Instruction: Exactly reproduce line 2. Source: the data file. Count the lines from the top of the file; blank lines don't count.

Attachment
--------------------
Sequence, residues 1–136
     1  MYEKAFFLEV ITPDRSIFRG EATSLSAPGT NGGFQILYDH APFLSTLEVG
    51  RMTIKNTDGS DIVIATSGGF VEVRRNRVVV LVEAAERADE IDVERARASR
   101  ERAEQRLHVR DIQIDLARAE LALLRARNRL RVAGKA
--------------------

     1  MYEKAFFLEV ITPDRSIFRG EATSLSAPGT NGGFQILYDH APFLSTLEVG